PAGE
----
Best design bets of new year

Daily Press (Sunday) - - Home & Garden - By Me­gan McDonough The Washington Post

As we en­ter 2019, home design ex­perts al­ready have some pre­dic­tions for the new year.

The home re­mod­el­ing and design plat­form Houzz re­cently re­leased its an­nual fore­cast, de­rived from con­ver­sa­tions with in­dus­try ex­perts as well as trends spot­ted among its 40 mil­lion monthly users. It of­fers a snap­shot of what we might see in stores, liv­ing rooms and In­sta­gram feeds this year.

We chat­ted with Houzz edi­tor and writer Mitchell Parker and asked him to dig into this year’s pro­jec­tions. So be­fore you pick up that paint­brush, take a look at the col­ors and styles the pros say will be big in 2019.

The back­splash as a fo­cal point.

In 2019, home design pro­fes­sion­als ex­pect to see more full-height back­splashes that seam­lessly stretch from the counter to the ceil­ing — be­hind float­ing shelves and range hoods — for a clean and co­he­sive look. This dra­matic state­ment can cre­ate the il­lu­sion of ad­di­tional sur­face area.

Dark and moody col­ors through­out the home.

Al­though Liv­ing Coral may be Pantone’s pick for color of the year, Houzz pre­dicts home­own­ers will lean to­ward darker and mood­ier col­ors, such as navy and for­est green, in the new year. Color ex­perts say it is a re­ac­tion to white and bright hues that dom­i­nated the design world for the past sev­eral years. Parker also sus­pects that vis­ual so­cial net­works such as Houzz and In­sta­gram may have helped peo­ple grad­u­ally be­come more com­fort­able with the idea of ex­per­i­ment­ing with richer and darker col­ors. “If you tell some­body, ‘Paint your walls dark blue or black,’ peo­ple might imag­ine the Ad­dams fam­ily house,” Parker said. But when they see a photo of the design and how these col­ors cre­ate a warm and serene set­ting, they are much more likely to have the con­fi­dence to try it.

Bub­ble bath fans, re­joice. As bath­rooms shift from pri­vate, util­i­tar­ian spa­ces to open, spa­like en­vi­ron­ments, home­own­ers are fo­cused on the ac­cou­trements, in­clud­ing free-stand­ing tubs. Ac­cord­ing to Houzz’s 2018 Bath­room Trends Study, 80 per­cent of home re­mod­el­ers were plan­ning to up­grade their bath­tubs. A soak­ing tub was the most pop­u­lar op­tion and re­ceived 69 per­cent of the vote (a 7 per­cent boost from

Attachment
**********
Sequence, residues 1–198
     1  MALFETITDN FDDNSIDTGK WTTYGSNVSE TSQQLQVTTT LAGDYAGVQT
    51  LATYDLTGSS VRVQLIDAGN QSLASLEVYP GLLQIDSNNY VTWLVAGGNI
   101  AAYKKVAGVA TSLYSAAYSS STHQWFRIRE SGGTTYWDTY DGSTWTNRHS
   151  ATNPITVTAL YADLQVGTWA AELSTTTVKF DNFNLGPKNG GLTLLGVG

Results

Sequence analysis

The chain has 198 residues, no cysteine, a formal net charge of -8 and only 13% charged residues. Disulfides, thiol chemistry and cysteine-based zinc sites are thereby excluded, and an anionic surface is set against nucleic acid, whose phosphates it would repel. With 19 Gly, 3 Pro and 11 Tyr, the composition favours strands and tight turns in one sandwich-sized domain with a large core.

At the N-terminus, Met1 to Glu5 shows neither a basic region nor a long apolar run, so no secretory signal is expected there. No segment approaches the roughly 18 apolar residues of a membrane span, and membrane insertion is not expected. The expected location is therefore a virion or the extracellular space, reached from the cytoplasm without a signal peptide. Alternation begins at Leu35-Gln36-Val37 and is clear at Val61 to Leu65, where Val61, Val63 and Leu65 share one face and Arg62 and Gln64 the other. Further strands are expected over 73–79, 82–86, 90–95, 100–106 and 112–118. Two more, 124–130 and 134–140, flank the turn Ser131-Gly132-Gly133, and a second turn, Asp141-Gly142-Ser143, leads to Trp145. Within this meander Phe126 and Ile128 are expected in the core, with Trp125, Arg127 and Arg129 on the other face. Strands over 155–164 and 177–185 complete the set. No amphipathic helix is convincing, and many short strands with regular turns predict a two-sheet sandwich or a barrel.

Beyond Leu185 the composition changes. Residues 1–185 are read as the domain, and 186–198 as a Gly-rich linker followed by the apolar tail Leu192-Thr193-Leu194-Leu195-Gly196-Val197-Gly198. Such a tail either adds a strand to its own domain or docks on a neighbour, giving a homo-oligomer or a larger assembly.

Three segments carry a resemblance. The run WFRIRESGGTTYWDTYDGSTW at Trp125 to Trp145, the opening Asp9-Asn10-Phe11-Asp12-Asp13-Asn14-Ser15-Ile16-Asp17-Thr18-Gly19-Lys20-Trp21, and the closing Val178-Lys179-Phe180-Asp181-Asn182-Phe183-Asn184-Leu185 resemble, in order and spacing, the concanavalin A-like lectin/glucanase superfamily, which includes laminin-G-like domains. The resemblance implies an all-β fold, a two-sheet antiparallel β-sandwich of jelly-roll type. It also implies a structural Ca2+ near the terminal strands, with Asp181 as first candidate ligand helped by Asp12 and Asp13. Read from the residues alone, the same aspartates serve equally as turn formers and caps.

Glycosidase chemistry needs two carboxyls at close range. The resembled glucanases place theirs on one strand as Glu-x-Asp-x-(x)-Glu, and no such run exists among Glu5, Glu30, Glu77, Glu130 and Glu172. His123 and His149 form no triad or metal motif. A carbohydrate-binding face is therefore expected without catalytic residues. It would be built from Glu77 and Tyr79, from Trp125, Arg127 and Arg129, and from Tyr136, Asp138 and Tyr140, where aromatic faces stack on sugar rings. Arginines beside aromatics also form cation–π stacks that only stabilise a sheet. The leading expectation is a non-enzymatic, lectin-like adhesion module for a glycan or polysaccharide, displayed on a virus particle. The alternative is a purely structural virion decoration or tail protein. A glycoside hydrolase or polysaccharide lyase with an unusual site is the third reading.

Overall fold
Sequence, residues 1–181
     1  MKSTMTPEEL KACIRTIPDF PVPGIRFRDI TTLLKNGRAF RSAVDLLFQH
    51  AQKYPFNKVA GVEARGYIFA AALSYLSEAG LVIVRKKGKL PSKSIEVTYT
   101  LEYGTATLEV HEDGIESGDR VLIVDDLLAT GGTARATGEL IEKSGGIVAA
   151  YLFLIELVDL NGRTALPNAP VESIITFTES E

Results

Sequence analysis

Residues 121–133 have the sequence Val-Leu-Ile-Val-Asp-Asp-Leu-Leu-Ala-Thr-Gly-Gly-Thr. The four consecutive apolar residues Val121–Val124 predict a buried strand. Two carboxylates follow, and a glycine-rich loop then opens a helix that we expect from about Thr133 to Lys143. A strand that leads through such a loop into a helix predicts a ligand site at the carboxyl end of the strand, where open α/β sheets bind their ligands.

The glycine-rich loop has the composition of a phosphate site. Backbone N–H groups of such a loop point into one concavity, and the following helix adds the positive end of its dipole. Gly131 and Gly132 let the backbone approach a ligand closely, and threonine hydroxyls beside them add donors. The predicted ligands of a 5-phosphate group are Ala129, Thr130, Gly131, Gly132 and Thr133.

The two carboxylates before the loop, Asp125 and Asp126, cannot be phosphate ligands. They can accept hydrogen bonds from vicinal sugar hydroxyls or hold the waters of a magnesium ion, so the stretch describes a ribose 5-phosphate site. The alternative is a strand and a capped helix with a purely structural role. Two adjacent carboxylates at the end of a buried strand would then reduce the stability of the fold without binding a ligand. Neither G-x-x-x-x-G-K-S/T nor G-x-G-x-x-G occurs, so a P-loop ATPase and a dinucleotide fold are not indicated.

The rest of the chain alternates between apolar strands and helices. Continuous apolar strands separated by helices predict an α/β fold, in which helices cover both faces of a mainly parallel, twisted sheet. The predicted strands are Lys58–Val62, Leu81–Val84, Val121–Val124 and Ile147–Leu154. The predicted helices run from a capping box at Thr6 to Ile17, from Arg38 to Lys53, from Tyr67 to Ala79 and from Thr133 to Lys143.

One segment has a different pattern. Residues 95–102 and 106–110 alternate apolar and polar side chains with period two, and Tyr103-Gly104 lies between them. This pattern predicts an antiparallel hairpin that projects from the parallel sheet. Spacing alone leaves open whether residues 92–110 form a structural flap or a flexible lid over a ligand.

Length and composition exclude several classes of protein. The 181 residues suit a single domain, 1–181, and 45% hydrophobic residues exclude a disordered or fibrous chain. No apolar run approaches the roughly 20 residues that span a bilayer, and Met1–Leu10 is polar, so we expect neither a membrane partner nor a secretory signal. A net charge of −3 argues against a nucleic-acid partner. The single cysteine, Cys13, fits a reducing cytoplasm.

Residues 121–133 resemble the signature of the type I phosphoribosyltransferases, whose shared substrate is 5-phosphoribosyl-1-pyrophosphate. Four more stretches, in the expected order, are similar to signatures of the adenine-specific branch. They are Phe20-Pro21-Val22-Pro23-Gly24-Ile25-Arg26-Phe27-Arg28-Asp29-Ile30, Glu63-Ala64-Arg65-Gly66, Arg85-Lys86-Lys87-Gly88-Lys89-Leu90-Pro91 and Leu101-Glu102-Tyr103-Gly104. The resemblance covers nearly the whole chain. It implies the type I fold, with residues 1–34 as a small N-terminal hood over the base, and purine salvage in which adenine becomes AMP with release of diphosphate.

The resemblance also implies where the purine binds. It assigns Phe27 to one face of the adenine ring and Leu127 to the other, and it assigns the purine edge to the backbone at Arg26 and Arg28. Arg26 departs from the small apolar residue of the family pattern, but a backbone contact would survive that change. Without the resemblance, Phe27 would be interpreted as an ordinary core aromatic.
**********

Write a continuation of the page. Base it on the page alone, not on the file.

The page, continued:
Des­ti­na­tion tubs.

the 2017 find­ings). To achieve the look, bath afi­ciona­dos are “steal­ing space from hall and bed­room clos­ets” to ex­pand the size of the room, Parker says, and cre­at­ing built-in nooks to keep the tub out of the foot­path of the shower, sink and toi­let.

Al­though white kitchens have long reigned supreme, pro­fes­sion­als are see­ing a re­turn to black in kitchen cab­i­nets, range hoods and is­land ac­cents. The color can be edgy, chic and sur­pris­ingly prac­ti­cal for par­ents. “If you’ve got a house with dogs and kids, scuff marks on white kitchen cab­i­nets are go­ing to be a big prob­lem. Black paint hides a lot more,” Parker says. Ex­pect to see a lot more “tuxedo” kitchens

“Tuxedo” kitchens.

con­trast­ing black with white walls, back­splashes and mar­ble coun­ter­tops.

Glass-and-steel room di­viders.

Thanks to the pop­u­lar­ity of open floor plans, state­ment-mak­ing par­ti­tions will con­tinue to flour­ish in the new year. Thin metal-and-glass doors and walls of­fer the il­lu­sion of open space while still pro­vid­ing pri­vacy, light and noise mit­i­ga­tion. The di­viders can also be used to add vis­ual in­ter­est and pro­vide def­i­ni­tion to a room, with­out mak­ing it feel cramped or closed off.

Free-stand­ing din­ing benches.

Cus­tom, built-in bench­ing, while pop­u­lar and con­ve­nient, can be ex­pen­sive. Home­own­ers are in­stead opt­ing for padded fur­ni­ture benches as an af­ford­able al­ter­na­tive. The mul­ti­func­tional pieces are great for small break­fast nooks, pro­vid­ing flex­i­ble seat­ing and in some cases hid­den stor­age.

Board-and-bat­ten ac­cents.

The modern farm­house style will con­tinue to flour­ish in 2019 and spread to the ex­te­rior of the home, Houzz ex­perts say. The white sid­ing de­liv­ers a “homey look” and can pro­vide tex­ture and in­ter­est to an oth­er­wise flat fa­cade.

Kitchens that open to the out­doors.

Fans of en­ter­tain­ing and cook­ing may want to con­sider ex­pand­ing their kitchen area to the out­doors. Home­own­ers in warmer cli­mates are trans­form­ing pa­tios into ex­tra seat­ing ar­eas, with durable rugs, cush­ions and fabrics. Ex­pect to see more kitchens com­pletely open to decks and pa­tios via col­lapsi­ble doors and win­dow walls.

Houzz ex­perts saw a resur­gence of un­painted wooden van­i­ties in 2018, and they pre­dict it will be am­pli­fied in 2019, with a turn to­ward re­claimed and light wood. Vis­i­ble grain and knots can add tex­ture and vis­ual in­ter­est to a space and work well in crisp, clean white bath­rooms.

Wood van­i­ties.

A four-wall ac­cent color.

For­get the ac­cent wall; 2019 is all about the ac­cent room. Home­own­ers are opt­ing to paint all the walls — even the trim and mold­ing — in one room a dra­matic color. “Typ­i­cally, I see this trend hap­pen­ing in smaller, some­what pri­vate rooms, such as bed­rooms, home of­fices, stud­ies and me­dia rooms — places where you want a com­fort­ing and re­lax­ing vibe,” Parker says. Pop­u­lar color choices in­clude navy and for­est green.


A full-height back­splash can be a stylish fo­cal point or a dra­matic ac­cent in a kitchen. The back­splash can add to the il­lu­sion of ad­di­tional sur­face area.


Dark and moody paint col­ors are gain­ing trac­tion through­out the home.


Glass-and-steel room di­viders are be­com­ing more pop­u­lar, thanks to open floor plans.


As self-care rou­tines be­come even more pop­u­lar in 2019, the bath­tub will fol­low the trend.

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